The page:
By updating targets outlined in 2013 to generate environmental, economic and social benefits across the Ferrero palm oil value chain, the new Charter addresses challenges with actions that engage suppliers and go beyond high certification standards.
Ahead of World Environment Day on June 5th, Ferrero Group proudly unveils its new Palm Oil Charter, in which the company outlines its ongoing ambition to achieve a palm oil industry that is good for both people and nature. Originally announced in 2013, the first Palm Oil Charter served as a driver for the Group’s development of its responsible palm oil supply chain; a public commitment that took into consideration the company’s core values and its broader sustainability strategy. Today, Ferrero further strengthens its commitments and progress through an updated Charter, which has been elevated based on the company’s ongoing learning journey and insights generated by close collaboration with stakeholders at every level, from suppliers to NGOs through to academic partners. The new Charter has been developed with Earthworm Foundation, a non-profit organisation focused on positively improving value chains.
As a baseline, Ferrero sources sustainable palm oil that is 100% RSPO (Roundtable on Sustainable Palm Oil) Certified Segregated and traceable back to plantations: a goal initially reached in 2015, becoming one of the first global companies to do so. Ferrero’s approach towards responsible sourcing of palm oil goes beyond this high certification standard through active membership in POIG (Palm Oil Innovation Group) and HCSA (High Carbon Stock Approach), two of the highest value endorsement initiatives currently available for the industry. As part of this approach, the new Charter outlines further actions, tackling three strategic areas identified as critical in an intricate industry where environmental and social issues are oftentimes deeply rooted, complex, and interconnected:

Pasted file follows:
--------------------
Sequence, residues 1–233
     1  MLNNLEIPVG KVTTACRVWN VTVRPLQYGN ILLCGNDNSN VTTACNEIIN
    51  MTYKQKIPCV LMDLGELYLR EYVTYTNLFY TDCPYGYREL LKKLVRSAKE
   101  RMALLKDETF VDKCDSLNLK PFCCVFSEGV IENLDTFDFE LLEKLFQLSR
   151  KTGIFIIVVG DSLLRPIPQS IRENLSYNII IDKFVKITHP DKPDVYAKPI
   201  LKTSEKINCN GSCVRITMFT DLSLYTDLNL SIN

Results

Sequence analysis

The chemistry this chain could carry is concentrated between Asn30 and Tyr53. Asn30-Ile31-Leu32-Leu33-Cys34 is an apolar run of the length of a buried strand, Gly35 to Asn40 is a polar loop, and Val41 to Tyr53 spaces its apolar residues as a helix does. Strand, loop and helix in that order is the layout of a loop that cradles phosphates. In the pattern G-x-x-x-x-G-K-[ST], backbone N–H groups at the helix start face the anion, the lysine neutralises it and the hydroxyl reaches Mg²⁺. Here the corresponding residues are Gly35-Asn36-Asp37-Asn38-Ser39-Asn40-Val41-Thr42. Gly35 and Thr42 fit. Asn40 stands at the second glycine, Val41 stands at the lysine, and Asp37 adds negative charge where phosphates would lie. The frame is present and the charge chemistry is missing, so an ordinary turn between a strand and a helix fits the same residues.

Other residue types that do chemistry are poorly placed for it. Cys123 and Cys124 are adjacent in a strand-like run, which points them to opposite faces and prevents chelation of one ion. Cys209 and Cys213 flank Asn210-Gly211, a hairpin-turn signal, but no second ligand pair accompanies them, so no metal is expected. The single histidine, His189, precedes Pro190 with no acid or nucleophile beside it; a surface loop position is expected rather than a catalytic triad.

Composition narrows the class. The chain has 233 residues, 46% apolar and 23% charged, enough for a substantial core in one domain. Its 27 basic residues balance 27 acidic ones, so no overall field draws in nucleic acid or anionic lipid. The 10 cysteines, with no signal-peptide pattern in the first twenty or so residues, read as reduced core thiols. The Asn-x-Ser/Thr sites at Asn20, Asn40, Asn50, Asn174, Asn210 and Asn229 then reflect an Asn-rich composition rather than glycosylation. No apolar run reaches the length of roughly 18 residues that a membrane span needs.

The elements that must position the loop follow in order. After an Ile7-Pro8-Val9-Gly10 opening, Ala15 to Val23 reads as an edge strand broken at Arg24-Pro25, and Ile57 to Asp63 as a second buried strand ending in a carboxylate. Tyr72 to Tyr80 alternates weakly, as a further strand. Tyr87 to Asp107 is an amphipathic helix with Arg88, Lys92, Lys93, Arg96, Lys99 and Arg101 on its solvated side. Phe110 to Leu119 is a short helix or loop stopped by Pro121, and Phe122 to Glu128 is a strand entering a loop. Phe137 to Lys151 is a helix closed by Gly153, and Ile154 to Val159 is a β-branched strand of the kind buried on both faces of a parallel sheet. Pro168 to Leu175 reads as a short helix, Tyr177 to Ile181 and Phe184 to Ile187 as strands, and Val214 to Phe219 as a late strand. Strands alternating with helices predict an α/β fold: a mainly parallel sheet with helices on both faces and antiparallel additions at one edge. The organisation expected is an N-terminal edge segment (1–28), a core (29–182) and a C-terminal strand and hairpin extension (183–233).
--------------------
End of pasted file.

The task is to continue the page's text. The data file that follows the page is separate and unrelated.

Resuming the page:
1) Human Rights & Social Practices: We at Ferrero believe in the importance of building a more equitable and inclusive palm oil value chain, requiring our suppliers to take appropriate measures to prevent any form of exploitation, indecent living or working conditions. We are going beyond these essential rights by helping smallholders build resilience in the face of environmental and economic volatility – as well as improved working conditions – through the collaboration with local governments, NGOs and scientists. We also understand the importance that indigenous communities be fully engaged whenever agricultural land expansion may occur.
2) Environmental Protection & Sustainability: We are dedicated to having a palm oil value chain that not only respects the environment, but also becomes a positive driver to regenerate biodiversity, soils, and water systems. Among the initiatives in this focus area, we commit to a “no-deforestation” supply chain which includes no planting on peat, no using fire to clear land, and ensuring the protection of forests and natural habitats. Going beyond this, we use the Starling Satellite Monitoring System to identify potential deforestation in the roughly one million hectares of our supply chain.